“While racetrack gambling and Catholic church bingo nights were legal, informal lottery betting — a practice created by and largely practiced by African-Americans — was illegal. None of this hypocrisy was lost on my mother. ‘We already know that when white folks want to do something bad enough,’ she said, ‘they can just create a law to get away with it.’”

12. The Real Legacy of the 1970s

“Then along came Ronald Reagan. The great secret to his success was not his uncomplicated optimism or his instinct for seizing a moment. It was that he freed people of the responsibility of introspection, released them from the guilt in which liberalism seemed to want to make them wallow.”

13. How Silicon Valley Puts the ‘Con’ in Consent

“The average person would have to spend 76 working days reading all of the digital privacy policies they agree to in the span of a year.”

14. One Way to Make College Meaningful

“Universities have always been hybrid creatures, serving many masters at once: social norms, the market, churches and the exacting standards of disciplinary research, to name four. But the fantasy of the university as a disinterested sphere of pure knowledge is just that. This is not so much to attack the liberal arts as it is to point out that to link them purposefully with life and career goals is not at all to alter the way they have long functioned.”

15. What Science Can Learn From Religion

“It is hubristic to assume that religious thinkers who have grappled for centuries with the workings of the human mind have never discovered anything of interest to scientists studying human behavior.”

16. At the Border, Nuance Is Held in Check.

“Based on these movies and shows, which coincide with the current political debate over a wall between Mexico and the United States, Americans might think nothing but death unfolds on the border. Violence, after all, sells, much as sex does. It’s hard to find the vitality and color of life on the border amid all the onscreen gunfire and despair. It takes some digging to find alternatives to Hollywood’s view.”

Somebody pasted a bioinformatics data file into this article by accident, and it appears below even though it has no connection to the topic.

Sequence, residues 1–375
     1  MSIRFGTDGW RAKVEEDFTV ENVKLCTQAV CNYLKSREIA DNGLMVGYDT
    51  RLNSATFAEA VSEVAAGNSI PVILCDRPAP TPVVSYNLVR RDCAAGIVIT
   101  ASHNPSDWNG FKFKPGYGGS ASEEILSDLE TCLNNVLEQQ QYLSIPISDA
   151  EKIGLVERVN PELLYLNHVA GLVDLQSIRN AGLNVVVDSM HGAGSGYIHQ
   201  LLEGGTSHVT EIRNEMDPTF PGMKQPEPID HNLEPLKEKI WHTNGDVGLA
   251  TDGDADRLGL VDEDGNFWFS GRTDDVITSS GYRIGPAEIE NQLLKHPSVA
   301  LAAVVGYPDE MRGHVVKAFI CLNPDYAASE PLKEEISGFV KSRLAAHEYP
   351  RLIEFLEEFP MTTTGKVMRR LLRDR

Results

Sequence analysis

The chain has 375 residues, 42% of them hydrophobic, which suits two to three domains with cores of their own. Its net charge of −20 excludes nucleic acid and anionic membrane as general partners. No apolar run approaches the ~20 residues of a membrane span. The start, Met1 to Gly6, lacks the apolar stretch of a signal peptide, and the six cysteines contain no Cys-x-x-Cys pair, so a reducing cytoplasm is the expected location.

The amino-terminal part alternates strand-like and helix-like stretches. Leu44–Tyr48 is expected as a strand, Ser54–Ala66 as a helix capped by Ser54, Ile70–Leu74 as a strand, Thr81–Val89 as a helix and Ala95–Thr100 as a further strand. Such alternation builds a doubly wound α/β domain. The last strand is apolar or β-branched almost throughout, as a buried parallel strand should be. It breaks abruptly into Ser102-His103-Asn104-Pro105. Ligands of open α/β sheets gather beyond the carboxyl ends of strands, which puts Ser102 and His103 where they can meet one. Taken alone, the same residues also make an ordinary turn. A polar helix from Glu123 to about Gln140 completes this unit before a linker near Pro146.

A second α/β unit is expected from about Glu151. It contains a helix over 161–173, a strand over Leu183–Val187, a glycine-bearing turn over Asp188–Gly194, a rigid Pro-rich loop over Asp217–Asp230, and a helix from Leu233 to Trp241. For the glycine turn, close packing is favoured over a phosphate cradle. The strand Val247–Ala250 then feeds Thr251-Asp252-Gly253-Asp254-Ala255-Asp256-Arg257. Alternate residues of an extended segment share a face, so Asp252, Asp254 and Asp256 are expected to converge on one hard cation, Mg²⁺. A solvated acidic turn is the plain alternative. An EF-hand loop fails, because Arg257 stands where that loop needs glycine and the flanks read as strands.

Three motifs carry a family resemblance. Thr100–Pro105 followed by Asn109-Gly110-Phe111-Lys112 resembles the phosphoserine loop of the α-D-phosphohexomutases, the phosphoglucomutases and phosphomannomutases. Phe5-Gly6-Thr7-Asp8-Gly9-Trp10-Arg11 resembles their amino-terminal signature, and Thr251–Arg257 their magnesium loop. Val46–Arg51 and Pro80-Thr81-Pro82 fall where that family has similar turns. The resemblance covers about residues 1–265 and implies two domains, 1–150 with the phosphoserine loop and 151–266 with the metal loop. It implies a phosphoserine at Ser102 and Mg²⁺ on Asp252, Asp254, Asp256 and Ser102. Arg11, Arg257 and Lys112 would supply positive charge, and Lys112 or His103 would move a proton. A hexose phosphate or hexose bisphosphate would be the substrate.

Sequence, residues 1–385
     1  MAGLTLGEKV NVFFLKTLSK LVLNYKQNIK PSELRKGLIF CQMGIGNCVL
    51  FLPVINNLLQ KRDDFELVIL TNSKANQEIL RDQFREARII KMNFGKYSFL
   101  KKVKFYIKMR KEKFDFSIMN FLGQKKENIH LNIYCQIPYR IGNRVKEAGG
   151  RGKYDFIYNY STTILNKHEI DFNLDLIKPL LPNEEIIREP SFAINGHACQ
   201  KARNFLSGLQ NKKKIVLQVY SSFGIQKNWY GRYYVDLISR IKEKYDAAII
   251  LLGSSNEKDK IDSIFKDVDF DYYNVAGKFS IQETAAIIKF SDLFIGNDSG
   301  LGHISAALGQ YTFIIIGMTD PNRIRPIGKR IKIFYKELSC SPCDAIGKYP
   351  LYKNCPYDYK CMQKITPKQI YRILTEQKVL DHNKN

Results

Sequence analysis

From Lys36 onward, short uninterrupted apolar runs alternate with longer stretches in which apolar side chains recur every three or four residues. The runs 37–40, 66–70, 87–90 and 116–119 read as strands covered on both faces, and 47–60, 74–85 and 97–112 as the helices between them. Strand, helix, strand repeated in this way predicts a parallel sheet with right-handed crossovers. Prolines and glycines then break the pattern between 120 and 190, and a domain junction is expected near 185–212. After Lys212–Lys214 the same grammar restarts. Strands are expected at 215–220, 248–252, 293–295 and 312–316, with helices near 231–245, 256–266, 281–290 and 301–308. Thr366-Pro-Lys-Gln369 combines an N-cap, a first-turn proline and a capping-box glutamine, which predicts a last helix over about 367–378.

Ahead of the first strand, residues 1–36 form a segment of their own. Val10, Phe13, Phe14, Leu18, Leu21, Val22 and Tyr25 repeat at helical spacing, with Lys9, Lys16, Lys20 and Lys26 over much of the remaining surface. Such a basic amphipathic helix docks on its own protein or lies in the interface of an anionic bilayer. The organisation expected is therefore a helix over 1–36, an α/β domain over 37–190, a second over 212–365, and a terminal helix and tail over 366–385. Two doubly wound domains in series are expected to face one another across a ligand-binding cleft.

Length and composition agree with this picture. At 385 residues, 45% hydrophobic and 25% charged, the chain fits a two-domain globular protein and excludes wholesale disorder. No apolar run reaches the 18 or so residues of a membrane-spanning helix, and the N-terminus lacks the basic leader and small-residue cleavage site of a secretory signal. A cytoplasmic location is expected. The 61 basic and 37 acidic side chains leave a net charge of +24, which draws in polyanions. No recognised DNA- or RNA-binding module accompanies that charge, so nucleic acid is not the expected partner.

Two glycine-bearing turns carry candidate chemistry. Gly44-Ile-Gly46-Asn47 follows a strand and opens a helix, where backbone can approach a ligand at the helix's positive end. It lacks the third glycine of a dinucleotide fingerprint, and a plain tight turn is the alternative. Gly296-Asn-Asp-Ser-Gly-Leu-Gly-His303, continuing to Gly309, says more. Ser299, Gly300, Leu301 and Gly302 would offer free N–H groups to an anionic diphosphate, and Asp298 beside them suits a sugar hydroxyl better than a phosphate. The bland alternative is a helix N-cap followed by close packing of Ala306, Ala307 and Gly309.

17. Frida Kahlo Was a Painter, a Brand Builder, a Survivor. And So Much More.

“By the time she died at the age of 47 in 1954, she left behind a public persona that is still being mined well into the 21st century; today she has more than 800,000 Instagram followers.”

18. The ‘Winter Friday’ Off Is Now a Thing

“Scientific studies conducted in recent years conclude that a four-day week helped employees be more productive and happy at work.”

19. The Queen of Change

“The book’s enduring success — over 4 million copies have been sold since its publication in 1992 — have made its author, a shy Midwesterner who had a bit of early fame in the 1970s for practicing lively New Journalism at the Washington Post and Rolling Stone, among other publications, and for being married, briefly, to Martin Scorsese, with whom she has a daughter, Domenica — an unlikely celebrity. With its gentle affirmations, inspirational quotes, fill-in-the-blank lists and tasks — write yourself a thank-you letter, describe yourself at 80, for example — The Artist’s Way proposes an egalitarian view of creativity: Everyone’s got it.”